The Value of Herman Melville
By Geoffrey Sanborn
Henry S. Poler '59 Presidential Teaching Professor of English
In The Value of Herman Melville, Geoffrey Sanborn presents Melville to us neither as a somber purveyor of dark truths nor as an ironist who has outthought us in advance but as a quasi-maternal provider, a writer who wants more than anything else to supply us with the means of enriching our experiences.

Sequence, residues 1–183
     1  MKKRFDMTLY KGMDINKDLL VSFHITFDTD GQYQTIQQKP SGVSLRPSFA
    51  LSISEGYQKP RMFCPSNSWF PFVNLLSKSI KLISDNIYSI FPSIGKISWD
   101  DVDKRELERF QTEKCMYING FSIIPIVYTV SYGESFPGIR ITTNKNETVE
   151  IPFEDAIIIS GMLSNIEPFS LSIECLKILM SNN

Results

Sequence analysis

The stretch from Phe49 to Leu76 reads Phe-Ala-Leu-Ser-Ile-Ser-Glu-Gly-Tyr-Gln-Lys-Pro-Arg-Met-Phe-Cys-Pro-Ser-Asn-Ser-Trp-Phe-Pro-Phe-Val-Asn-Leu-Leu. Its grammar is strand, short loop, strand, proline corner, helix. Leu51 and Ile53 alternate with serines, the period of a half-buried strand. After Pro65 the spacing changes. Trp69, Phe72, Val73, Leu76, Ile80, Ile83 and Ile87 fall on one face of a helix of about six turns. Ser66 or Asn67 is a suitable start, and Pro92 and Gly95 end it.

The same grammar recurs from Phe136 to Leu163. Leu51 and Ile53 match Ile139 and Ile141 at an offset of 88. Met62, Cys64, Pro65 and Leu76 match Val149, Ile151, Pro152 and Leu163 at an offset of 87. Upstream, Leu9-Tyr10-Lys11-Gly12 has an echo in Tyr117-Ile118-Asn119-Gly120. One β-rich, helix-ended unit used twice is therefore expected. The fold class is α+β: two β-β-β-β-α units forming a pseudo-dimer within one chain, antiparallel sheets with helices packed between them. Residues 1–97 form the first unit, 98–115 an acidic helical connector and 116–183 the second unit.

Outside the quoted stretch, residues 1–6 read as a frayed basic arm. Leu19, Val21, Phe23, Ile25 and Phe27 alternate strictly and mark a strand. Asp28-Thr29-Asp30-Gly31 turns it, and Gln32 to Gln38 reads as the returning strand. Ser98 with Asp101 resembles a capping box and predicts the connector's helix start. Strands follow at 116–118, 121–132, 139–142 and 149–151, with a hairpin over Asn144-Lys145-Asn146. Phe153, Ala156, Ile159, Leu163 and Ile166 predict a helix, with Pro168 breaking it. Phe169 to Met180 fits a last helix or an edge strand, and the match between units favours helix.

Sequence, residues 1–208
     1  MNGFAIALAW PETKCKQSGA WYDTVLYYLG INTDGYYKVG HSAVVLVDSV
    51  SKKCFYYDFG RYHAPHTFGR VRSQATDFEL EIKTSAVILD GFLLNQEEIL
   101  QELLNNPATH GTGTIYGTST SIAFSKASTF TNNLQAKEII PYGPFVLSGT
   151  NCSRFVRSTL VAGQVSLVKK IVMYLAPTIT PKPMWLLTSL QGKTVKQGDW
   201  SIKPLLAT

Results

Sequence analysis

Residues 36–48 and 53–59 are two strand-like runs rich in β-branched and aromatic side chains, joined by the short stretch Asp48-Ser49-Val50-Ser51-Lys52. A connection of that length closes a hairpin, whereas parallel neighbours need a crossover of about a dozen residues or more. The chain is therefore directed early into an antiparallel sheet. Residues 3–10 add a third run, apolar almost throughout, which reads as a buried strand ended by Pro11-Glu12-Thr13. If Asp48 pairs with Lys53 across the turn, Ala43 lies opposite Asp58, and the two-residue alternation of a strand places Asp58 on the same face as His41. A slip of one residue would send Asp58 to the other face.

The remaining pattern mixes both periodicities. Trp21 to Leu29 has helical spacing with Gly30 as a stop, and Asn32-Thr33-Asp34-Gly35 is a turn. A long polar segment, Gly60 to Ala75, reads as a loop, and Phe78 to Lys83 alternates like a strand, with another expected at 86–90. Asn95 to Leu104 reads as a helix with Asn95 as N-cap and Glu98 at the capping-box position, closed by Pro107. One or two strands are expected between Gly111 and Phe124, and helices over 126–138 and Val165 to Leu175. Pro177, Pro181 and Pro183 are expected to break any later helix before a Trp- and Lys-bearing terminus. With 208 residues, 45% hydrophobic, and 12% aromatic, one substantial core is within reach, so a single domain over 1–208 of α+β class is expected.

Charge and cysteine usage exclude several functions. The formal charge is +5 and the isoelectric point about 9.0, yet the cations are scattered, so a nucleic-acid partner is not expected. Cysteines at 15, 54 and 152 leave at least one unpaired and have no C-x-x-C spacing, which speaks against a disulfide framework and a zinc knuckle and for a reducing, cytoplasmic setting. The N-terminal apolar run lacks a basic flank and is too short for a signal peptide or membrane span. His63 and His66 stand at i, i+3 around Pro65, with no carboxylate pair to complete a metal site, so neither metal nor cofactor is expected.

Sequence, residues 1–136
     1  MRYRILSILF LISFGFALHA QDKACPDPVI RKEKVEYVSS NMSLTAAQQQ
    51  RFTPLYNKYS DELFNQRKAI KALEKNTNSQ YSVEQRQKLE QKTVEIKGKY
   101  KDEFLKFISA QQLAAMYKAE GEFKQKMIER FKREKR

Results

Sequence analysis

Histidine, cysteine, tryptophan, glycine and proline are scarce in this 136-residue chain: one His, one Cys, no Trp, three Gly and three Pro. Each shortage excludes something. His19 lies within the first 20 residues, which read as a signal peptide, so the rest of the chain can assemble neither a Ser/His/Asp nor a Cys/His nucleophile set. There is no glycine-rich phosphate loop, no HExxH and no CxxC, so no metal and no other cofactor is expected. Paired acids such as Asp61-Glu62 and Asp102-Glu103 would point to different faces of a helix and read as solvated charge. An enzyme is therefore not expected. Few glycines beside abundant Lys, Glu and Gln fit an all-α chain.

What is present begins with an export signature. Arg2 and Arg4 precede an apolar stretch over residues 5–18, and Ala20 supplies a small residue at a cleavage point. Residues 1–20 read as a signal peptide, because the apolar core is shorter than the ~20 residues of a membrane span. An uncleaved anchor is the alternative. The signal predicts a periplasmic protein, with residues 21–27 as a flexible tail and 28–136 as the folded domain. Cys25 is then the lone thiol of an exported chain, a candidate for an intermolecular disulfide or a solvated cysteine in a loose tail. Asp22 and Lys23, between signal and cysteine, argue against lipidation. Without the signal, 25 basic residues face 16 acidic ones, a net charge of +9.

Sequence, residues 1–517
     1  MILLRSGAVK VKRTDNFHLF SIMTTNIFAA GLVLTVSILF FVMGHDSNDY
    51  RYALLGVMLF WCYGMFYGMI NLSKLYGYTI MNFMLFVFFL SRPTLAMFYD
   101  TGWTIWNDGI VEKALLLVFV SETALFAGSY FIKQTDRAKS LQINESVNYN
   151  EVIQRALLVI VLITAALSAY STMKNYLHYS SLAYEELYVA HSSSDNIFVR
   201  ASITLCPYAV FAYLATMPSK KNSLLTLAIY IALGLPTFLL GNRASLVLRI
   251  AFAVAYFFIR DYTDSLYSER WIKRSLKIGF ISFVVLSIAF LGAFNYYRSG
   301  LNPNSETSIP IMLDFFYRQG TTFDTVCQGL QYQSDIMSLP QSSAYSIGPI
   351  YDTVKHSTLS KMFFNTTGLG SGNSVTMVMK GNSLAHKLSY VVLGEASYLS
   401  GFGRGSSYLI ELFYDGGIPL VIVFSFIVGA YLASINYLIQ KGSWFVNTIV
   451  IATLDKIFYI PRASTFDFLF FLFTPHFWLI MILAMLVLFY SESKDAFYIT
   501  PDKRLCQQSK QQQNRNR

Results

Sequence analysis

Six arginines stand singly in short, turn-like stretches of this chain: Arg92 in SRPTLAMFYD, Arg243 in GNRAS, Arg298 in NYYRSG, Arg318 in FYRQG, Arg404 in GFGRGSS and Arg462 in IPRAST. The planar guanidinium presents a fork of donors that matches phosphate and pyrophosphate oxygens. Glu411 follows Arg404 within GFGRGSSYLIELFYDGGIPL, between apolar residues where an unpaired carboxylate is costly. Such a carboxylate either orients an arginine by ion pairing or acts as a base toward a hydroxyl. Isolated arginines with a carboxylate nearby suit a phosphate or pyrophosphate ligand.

In twelve brief chapters, Sanborn examines the distinctive qualities of Melville's style—its dynamism, its improvisatoriness, its intimacy with remembered or imagined events—and shows how those qualities, once they have become a part of our equipment for living, enable us to sink deeper roots into the world. Ranging across his career, but focusing in particular on Moby-Dick, "Bartleby, the Scrivener," "Benito Cereno," and Billy Budd, Sanborn shows us a Melville who is animating rather than overawing, who encourages us to bring more of ourselves to the present and to care more about the life that we share with others.